- Use a lure (a treat) or a target (a spoon) to guide your cat into turning. As soon as she bends her neck toward the lure, click and offer a treat. If you forgo a clicker while training, mark the action you like with a “yes” or “good” before giving your cat a treat.
- Once she is following the lure with her head, move it to the side so she has to turn her body to reach it. If she backs up to follow the lure, take a step back and reward her for simple head turns again. This will help enforce that you want her to turn, not back up.
- After she understands that she needs to turn to follow the lure, guide her around in a circle. Start small with partial turns first, rewarding after a quarter-turn or half-turn.
- Slowly build up to luring your cat into a full turn before rewarding her for a job well done.
For helpful tips on teaching your cat to spin, check out this video from Cat School:
How to train your cat to fist bump
Cats are constantly batting at things with their paws, so why not train your feline to perform this trick on command? All you need is a small container and some high-value treats, along with your clicker if you use one while training.
Have the coolest cat on the block once you’ve trained her to fist bump by following these steps:
- Place a few treats in your small container, then set it in front of your cat. As soon as your cat attempts to scoop the treats out of the container with her paw, click or mark with a “yes” and give her a reward.
- Repeat Step 1 while holding the treat container in your hand. Reward your cat for trying to scoop out the treats in the cup, even though it has changed position.
- Once your cat is trying to get the treats from the container in your hand, cover it. Reward her for batting at your hand to get the treats out.
- Repeat without the food in the cup. Your cat should be patting your hand with her paw. If she’s not, back up a few steps and take it slower.
- Once your cat is reliably batting at your hand covering the cup, remove the cup and clench your hand into a fist for your cat to target. Reward her for pawing at your fist.
- Show off your cat’s new skill!
For help in video form on how to teach your cat to fist bump, Cat School has an excellent step-by-step guide:
What to avoid when training your cat
Cats are fiercely independent creatures and may not want to participate in a training session when it’s convenient for you. While this may be frustrating, never force your cat into a lesson if she is unwilling. If your cat is interested in interacting and approaches you on her own, that’s the perfect time to begin a session. Many cats will even learn to come running at the rustle of a treat bag or at the sound of the clicker.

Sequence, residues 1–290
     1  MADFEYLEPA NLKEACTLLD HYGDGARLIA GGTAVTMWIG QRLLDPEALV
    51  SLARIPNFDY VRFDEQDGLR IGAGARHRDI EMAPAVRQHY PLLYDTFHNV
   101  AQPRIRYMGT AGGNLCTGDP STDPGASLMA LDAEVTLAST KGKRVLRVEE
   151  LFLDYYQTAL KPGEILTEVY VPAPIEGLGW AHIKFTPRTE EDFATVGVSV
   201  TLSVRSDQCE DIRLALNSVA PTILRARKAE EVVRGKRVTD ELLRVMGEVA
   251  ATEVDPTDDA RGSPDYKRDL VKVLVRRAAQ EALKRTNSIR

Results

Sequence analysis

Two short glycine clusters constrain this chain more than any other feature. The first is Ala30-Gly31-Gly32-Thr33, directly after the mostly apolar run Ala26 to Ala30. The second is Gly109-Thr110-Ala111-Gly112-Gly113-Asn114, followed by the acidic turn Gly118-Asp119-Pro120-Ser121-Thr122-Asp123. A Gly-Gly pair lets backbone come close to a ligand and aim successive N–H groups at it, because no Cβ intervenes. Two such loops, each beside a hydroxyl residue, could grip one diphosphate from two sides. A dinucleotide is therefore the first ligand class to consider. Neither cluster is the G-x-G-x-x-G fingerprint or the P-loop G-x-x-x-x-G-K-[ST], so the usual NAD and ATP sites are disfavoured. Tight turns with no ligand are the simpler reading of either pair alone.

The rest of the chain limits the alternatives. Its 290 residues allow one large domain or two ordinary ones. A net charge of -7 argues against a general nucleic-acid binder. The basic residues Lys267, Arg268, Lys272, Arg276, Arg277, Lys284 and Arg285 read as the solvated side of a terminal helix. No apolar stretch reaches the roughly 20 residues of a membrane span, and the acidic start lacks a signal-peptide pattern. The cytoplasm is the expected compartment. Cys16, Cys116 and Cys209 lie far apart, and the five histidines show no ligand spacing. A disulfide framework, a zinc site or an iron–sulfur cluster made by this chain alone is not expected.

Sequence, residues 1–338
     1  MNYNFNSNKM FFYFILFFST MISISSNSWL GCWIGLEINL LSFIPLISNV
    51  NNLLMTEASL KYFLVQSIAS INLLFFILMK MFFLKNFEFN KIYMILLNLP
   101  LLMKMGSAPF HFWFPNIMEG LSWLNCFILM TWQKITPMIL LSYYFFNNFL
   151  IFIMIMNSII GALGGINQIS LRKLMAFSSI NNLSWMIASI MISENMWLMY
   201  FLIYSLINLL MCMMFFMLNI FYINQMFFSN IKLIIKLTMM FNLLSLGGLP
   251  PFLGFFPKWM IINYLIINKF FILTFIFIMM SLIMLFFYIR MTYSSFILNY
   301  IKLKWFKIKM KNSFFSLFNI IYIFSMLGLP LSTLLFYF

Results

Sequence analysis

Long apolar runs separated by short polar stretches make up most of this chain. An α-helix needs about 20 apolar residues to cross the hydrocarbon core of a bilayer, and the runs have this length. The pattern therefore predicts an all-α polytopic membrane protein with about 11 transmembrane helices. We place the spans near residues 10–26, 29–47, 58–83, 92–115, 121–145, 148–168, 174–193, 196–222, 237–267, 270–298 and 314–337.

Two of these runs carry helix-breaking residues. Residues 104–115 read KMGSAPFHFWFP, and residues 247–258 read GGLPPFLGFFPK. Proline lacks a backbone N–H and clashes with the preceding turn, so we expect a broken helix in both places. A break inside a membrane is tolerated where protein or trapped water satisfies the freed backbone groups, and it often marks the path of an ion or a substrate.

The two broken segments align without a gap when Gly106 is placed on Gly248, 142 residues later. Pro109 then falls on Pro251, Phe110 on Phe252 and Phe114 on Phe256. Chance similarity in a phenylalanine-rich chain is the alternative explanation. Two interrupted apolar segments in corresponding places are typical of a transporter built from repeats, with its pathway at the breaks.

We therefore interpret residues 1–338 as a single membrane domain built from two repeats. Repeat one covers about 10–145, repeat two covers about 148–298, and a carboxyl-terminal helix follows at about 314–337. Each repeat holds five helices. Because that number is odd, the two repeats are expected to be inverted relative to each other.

If your cat glances at you and continues on her way with a disinterested flick of her tail, let her go and try again later. Keep each session fun and entertaining by avoiding these training mistakes:
- Punishment — Not a single creature responds well to punishment, cats in particular. While a spray bottle filled with water may make your cat leap down from your countertops and stop mid-scratch on your new leather sofa, it’s not a recommended method for training. Spraying your cat when she does something inappropriate does not help her learn the correct behavior; it only teaches her you’re a creature to be feared. Punishment harms the bond between you and your pet, rather than strengthening it with positive reinforcement.
- Inconsistency — Inconsistency makes it difficult for your cat to learn what’s expected of her. If you send off mixed signals, you’ll get mixed results from your kitty. When training, stick with the same cue word and hand gesture for that command. For example, if you’re teaching your cat to bump your fist, don’t try using “high five” to begin, then switch to “pound it”. Your cat will learn much more quickly if you remain consistent.
- Lack of reward — Who wants to work with no reward in sight? Certainly not cats! Learn what works best for enticing your cat into cooperating. Some cats respond best to fishy treats, while others prefer cheese or whipped cream. Other cats may not be food-motivated, but would rather engage in a game with a feather wand or catnip mouse as a reward instead. For others, a good head massage is reward enough. When you discover what your cat likes best, be sure to use her favorite reward for each appropriate behavior performed. Once your cat is reliably performing her trick or skill, you can slowly phase out the high-value reward doled out with every action.
- Failure to end on a positive note — If you and your cat storm off in a huff, disappointed with an inability to communicate, no one benefits from a training session. Sometimes you may hit a roadblock in your training lesson and your cat just can’t seem to grasp what you’d like her to do. Instead of quitting for the day, back up a step to end on a simpler action. Stopping the session on a positive note helps cement what your cat learned and keeps her eager for future training lessons.
- Too long of sessions — Cats have much shorter attention spans than dogs. They may be similar to the brief attention span of a hyped-up Lab puppy, but when your cat is focused, you can accomplish a lot. It’s difficult to force a cat into doing something she doesn’t want to do, so training is a challenge if your cat has lost interest. Stick with several two- to three-minute training sessions a day, ensuring that you stop before your cat loses her focus. End strong on a positive note, and you’ll have your cat begging for more.
By using the tips we shared to teach your feline friend some new tricks, avoiding pitfalls along the way, you’ll have a companion as skilled at showing off as your neighbor’s dog.
Let us know in the comments below: what is the neatest trick you’ve taught your cat?